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The followers of Baron Swedenborg are numerous, particularly in England, Sweden, and Germany. In different parts of Europe, societies are formed for spreading his doctrines, and where these do not exist, there are individuals who admire his writings, and embrace his sentiments, which have extended even to America, and the East and West Indies. In Sweden, a large number of the nien of genius and science are of that denomination. Their two principal associations are at Stockholm and London. From them originated the proposition for abolishing the Slave Trade; and the richest among them have zealously collected immense sums to found the colony of Sierra Leone, on sthe west coast of Africa.*
There are two churches of this denomination in London, one at Blackfriars, the other at St. James's. The society at Blackfriars, which is the oldest in the kingdom, and perhaps the first in Europe, assembled originally in Great Eastcheap, where they commenced public worship, ou Lord'sday, January 27, 1788. From thence, May 13, 1792, they removed to Store-street, Tottenham-court-road, where they continued one year. The meeting-house in Red Crossstreet becoming vacant, the society removed into it May 12, 1793 ; and after continuing there about seven years, removed February 16, 1800, to Cross-street, Hatton-garden. After a short time, they resolved to build a new chapel; and as a temporary convenience, removed to an upper room, at a tavern in Cateaton-street, near Guildhall. Upon à vacant
Judgment, and of the Spiritual World.-12. Angelic Wisdom concerning Divine Providence.-13. The Apocalypse Revealed.-14. A brief Exposition of the Doctrine of the New Church.-15. A Treatise on the Nature of Influx, or of the Communication between Soul and Budy.-16. True Chris tian Religion, or the universal Theology of the New Church.-17. A summary Exposition of the internal Sense of all the Prophets and the Psalms.
Adams's View of Religions and Theological Dictionary, ART. SwaDENBORGIANS.
FRIARS-STREET, BLACKFRIARS. — Swedenborgians.
spot of ground, in Friars-street, Blackfriars, they erected their new place of worship, which was opened and consecrated on Lord's-day, August 7, 1803, by Mr. Manoah Sibly, who has been minister of the society from its first commencement. The chapel is a small square building, with three galleries, and is neatly fitted up. On a stone over the front window, is the following dedication : “ Sacred to the worship of Jehovah-Jesus; for in him dwelleth all the fulness of the Godhead bodily.” Col. ii. 9. (E) The service is conducted pretty much upon the plan of the Church of England. They have a liturgy modelled upon that of the established church ; and hymns of their own collection. It seems to be a prevailing object with the New Church to make Religion as fine as possible. They accordingly use coloured garments, and other decorations in public worship. They also admit instrumental, as well as yocal music. They have a variety of rules and orders for the well-being and good government of the society, whose affairs are managed by the minister, and a committee of twelve members.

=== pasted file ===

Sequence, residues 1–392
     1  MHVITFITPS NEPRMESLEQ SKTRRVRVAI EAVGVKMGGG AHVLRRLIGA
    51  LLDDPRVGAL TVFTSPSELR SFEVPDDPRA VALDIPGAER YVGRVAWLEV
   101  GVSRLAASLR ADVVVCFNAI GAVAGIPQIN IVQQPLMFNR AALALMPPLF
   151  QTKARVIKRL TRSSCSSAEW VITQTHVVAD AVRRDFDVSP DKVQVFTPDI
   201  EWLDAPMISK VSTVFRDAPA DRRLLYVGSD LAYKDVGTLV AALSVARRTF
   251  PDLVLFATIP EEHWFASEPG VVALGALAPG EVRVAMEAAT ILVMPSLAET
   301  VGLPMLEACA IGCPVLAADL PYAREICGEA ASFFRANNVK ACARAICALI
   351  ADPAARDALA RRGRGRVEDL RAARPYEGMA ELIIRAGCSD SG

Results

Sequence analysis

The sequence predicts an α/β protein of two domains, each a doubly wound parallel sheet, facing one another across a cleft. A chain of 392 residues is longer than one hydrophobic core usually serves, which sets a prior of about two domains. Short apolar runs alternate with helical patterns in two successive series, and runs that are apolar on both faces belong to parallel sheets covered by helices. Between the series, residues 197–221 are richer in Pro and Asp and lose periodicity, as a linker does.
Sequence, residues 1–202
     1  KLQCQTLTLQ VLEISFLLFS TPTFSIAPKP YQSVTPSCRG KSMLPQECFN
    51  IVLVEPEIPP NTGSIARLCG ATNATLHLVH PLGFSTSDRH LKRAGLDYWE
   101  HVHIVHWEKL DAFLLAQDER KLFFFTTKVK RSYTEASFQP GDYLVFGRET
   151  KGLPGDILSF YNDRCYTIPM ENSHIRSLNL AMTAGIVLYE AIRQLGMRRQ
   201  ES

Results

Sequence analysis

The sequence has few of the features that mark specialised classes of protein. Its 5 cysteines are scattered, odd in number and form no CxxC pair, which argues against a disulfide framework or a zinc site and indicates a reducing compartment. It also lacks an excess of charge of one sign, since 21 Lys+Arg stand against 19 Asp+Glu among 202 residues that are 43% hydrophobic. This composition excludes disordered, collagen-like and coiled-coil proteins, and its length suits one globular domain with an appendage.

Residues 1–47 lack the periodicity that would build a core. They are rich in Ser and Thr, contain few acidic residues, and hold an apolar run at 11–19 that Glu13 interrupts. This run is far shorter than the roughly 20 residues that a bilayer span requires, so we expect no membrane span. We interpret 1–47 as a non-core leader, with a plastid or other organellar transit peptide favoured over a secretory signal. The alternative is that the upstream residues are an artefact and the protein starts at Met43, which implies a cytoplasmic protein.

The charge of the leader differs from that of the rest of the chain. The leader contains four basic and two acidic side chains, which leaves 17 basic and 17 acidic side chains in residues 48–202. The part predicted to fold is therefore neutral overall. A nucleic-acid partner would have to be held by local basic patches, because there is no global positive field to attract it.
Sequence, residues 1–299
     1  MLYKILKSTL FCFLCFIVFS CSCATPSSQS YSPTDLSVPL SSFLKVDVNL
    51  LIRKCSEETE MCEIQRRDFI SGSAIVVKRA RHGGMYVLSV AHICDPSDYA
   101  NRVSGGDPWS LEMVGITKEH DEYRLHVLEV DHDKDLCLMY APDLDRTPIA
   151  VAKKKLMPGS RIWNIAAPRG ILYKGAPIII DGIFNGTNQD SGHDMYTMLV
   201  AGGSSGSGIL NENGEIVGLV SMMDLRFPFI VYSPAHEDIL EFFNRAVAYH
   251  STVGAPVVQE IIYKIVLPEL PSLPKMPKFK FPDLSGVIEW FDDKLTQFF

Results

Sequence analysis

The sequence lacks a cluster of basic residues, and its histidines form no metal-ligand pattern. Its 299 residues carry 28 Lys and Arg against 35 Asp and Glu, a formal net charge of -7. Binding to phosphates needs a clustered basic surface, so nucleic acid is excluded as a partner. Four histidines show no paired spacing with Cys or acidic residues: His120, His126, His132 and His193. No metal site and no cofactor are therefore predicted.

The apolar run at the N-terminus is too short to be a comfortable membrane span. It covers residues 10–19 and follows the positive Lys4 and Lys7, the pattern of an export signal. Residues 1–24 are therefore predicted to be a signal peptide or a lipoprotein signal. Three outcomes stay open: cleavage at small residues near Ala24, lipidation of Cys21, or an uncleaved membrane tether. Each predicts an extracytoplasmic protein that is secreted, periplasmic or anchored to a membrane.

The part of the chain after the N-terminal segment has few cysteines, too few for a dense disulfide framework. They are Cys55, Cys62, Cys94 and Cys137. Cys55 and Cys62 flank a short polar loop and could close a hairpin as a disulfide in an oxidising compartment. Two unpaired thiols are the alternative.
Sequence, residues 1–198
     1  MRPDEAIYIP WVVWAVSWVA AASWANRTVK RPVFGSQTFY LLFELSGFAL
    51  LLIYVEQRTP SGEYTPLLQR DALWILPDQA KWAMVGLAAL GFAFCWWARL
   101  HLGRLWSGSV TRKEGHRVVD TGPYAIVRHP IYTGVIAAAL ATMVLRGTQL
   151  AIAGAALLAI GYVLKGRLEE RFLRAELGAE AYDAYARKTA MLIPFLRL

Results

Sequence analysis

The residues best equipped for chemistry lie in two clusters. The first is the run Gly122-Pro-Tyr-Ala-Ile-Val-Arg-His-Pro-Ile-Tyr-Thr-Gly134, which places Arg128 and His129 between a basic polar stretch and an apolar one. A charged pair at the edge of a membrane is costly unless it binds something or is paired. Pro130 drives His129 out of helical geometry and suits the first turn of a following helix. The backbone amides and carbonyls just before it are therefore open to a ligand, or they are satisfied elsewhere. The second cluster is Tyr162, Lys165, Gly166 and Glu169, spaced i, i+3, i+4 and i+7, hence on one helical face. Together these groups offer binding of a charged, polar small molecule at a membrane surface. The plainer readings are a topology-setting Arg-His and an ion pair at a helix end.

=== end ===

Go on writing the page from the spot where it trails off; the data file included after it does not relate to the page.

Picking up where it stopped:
(8) On a plate in the foundation is the following inscription.
In this Kingdom.
In the presence of
In our account of the Meeting-house in Carter-lane, Doctors'-Commons, it has been observed, that the Society meeting there, formerly assembled in Meeting-house-court, Blackfriars. This place, as we have seen, was very roughly handled by Sacheverel's mob, in 1710; but being repaired, Dr. Wright continued to preach in it till 1734, when his congregation was become too large for the place, and a new meeting-house was erected for him in Carter-lane. The old place was soon afterwards taken down.
In Maitland's history of London, we find mention of a meeting-house at Blackfriars during the time of the great plague, in the year 1665. It consisted of four rooms opening into each other, with lattice partitions ; each room being conveniently fitted up with benches and forms. The congregation assembling there was at that time under the care of a Mr. Wood. This was probably Mr. Seth Wood, ejected from St. Leonard's, Eastcheap, whom we shall have occasion to mention when we come to speak of Haberdashers’-Hall. The desolation occasioned by the great fire, having deprived many of the clergy of their parish churches, they thought it lawful to rob their brethren, the Nonconformists, of their meeting-hoụses, and that of Mr. Wood shared the common violence.
CITY OF LONDON.
1. DUNNING'S-ALLEY. 9. PETTY FRANCE. 3. NEW BROAD-STREET. 4. PINNERS'-HALL. 5. CARPENTERS'HALL. 6. CAPEL-COURT. 7. FOUNDERS' HALL. 8. OLD JEWRY. 9. COLEMAN-STREET. 10. ARMOURERS:-HALL. 11. LONDON WALL. 19. GIRDLERS'HALL. 13. CATEATON-STREET. 14. ALDERMANBURY. 15. BREWERS'HALL. 16. PLAISTERERS’-HALL. 17. ALDERMANBURY POSTERN.
| 18. LORIMERS'-HALL. 19. CURRIERS'HALL. 20. SILVER-STREET. 21. EMBROIDERERS'-HALL. ' 29. HABERDASHERS'-HALL. 23. COACH-MAKERS'-HALL. 24. MONKWELL-STREET. 25. GLOVERS'-HALL. 26. BARBICAN. 27. PAUL'S-ALLEY. 28. HARE-COURT. 29. RED CROSS-STREET. 30. MEETING-HOUSE-ALLEY. 31. JEWIN-STREET, 32. ALDERSGATE-STREET. 33. TRINITY-HALL. | 31. BULL-AND-MOUTH-STREET.